This is the point at which we are supposed to make some sort of joke about things either starting or ceasing to make sense, and it is our shame to disappoint you; there is no baseline by which the idea of making sense makes any sense.

(more…)

An Obvious Question

Outgoing House Majority Leader Eric Cantor (R-VA7)

Surprise is one thing, but Emma Dumain’s report for Roll Call only begs the question:

Perhaps the most revealing assessment of the evening’s turn of events came from Speaker John A. Boehner. Earlier, he exited from a local Italian restaurant and declined to speak with reporters who were waiting for him.

Once safely out of the media’s reach, however, the Ohio Republican released a brief statement that touched, in just three sentences, on just how surprising Cantor’s defeat really was, and how at a loss all politicians and political operatives are to explain how the loss transpired:

“Eric Cantor and I have been through a lot together. He’s a good friend and a great leader, and someone I’ve come to rely upon on a daily basis as we make the tough choices that come with governing. My thoughts are with him and Diana and their kids tonight.”

This keeps happening, as in 2012 when the Romney campaign apparently had no clue what was actually happening out in the voting districts.

Certes, there are times when an electoral flameout is a surprise insofar as a titan falls, but usually there are hints on the front side. To the other, there probably were, and maybe we all should have paid more attention when the House Majority Leader was booed in his own district. But how is it that the people responsible for planning the tactical outlook that preserves and hopefully, for House Republicans, grows the majority, can possibly be surprised this evening? That is to say, how could they not have seen this coming before it happened?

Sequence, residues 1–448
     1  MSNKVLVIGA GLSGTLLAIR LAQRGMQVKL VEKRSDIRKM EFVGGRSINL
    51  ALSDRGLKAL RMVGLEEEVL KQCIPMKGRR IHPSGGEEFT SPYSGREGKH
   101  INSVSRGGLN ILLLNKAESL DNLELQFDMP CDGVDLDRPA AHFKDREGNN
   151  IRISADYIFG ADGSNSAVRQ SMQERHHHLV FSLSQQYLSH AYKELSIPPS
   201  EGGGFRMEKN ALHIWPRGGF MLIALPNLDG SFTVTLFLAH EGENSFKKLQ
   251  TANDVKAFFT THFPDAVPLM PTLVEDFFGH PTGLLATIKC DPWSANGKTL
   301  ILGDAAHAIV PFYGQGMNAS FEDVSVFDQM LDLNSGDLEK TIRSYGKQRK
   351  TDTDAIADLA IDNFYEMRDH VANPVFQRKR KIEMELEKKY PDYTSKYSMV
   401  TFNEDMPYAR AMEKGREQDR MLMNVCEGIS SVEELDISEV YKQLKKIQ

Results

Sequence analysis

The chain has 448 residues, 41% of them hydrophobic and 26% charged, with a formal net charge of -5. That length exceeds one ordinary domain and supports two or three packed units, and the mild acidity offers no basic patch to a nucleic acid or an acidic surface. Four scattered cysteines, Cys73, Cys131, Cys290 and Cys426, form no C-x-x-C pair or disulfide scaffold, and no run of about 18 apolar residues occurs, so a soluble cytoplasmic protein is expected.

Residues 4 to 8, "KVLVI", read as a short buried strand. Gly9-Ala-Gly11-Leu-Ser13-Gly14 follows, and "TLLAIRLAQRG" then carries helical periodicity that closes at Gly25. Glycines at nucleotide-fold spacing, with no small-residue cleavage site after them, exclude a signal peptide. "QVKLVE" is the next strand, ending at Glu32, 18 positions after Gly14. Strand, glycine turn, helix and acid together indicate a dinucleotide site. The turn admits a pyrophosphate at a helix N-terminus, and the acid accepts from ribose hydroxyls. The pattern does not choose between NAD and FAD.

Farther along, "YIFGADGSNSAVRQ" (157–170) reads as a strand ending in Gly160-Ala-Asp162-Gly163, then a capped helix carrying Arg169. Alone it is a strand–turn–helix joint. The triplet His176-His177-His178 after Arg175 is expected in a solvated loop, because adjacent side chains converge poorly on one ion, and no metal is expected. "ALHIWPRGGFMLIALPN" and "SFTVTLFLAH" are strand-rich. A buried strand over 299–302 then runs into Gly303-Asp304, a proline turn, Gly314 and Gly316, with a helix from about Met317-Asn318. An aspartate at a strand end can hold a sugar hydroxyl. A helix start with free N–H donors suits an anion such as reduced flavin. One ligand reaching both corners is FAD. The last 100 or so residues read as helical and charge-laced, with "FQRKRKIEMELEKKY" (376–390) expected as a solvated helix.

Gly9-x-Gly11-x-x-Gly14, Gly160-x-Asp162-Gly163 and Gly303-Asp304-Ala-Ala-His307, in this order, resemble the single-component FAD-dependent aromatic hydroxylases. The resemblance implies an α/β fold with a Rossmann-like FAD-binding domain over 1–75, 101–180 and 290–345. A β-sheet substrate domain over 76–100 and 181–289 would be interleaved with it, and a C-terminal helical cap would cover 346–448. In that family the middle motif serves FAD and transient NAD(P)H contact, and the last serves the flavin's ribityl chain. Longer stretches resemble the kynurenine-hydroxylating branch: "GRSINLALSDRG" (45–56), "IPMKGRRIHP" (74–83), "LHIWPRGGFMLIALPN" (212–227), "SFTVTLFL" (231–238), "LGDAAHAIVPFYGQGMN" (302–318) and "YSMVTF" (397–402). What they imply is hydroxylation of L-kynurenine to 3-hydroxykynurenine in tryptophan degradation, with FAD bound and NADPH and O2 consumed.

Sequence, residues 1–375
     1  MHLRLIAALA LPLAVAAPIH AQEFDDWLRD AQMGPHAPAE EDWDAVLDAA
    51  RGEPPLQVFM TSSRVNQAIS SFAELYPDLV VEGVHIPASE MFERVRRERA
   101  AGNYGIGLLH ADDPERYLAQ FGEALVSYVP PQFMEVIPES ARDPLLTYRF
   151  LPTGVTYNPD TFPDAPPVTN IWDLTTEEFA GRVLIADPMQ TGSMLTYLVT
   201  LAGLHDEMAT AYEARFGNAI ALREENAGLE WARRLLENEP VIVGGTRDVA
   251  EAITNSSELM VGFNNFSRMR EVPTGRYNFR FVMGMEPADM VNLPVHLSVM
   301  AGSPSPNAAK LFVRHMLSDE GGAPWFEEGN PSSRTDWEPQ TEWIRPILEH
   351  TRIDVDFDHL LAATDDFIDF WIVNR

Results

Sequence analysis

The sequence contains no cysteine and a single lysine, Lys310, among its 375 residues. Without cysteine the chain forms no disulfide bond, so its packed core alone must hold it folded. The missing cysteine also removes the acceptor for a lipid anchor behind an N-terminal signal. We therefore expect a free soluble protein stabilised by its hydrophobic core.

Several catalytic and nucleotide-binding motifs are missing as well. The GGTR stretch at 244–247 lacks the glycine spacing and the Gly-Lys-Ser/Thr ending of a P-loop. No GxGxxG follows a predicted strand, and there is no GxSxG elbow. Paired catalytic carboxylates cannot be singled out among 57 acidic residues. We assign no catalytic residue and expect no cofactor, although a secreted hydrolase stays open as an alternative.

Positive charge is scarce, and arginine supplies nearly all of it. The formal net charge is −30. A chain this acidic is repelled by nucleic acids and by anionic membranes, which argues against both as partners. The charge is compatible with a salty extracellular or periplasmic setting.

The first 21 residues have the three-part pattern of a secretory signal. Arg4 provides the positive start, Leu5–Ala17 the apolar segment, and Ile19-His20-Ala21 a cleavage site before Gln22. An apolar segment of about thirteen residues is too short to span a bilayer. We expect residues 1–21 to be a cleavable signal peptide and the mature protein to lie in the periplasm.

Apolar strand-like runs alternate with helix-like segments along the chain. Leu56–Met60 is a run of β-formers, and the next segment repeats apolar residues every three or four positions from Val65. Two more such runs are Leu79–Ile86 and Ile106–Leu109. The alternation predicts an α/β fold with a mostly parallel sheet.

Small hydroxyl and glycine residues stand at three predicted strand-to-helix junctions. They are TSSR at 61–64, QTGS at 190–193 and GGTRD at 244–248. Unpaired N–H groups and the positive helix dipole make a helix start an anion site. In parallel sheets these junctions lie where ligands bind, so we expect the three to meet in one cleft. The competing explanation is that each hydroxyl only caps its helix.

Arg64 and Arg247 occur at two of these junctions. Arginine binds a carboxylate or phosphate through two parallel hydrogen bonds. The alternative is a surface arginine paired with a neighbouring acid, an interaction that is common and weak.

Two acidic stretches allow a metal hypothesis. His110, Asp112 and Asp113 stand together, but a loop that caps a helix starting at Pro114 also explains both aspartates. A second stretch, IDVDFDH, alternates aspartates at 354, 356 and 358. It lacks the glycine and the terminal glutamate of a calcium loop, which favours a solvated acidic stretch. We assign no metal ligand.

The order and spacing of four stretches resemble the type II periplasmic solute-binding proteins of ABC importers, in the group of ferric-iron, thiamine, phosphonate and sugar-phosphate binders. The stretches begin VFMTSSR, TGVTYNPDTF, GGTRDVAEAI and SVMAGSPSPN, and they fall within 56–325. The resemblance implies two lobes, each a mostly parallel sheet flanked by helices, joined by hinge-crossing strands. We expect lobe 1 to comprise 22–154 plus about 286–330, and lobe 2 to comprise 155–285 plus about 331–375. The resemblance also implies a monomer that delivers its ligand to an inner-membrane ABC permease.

Surprise, yes, but one wonders at the degree of blindness required if absolutely nobody saw any hint that this was coming. Over the course of the next few days, cooler heads will prevail and everyone will start explaining how they knew it all along.

____________________

Dumain, Emma. “Boehner Statement on Cantor’s Defeat”. 218. 10 June 2014.

Crawford, Jan. “Adviser: Romney ‘shellshocked’ by loss”. CBS News. 8 November 2012.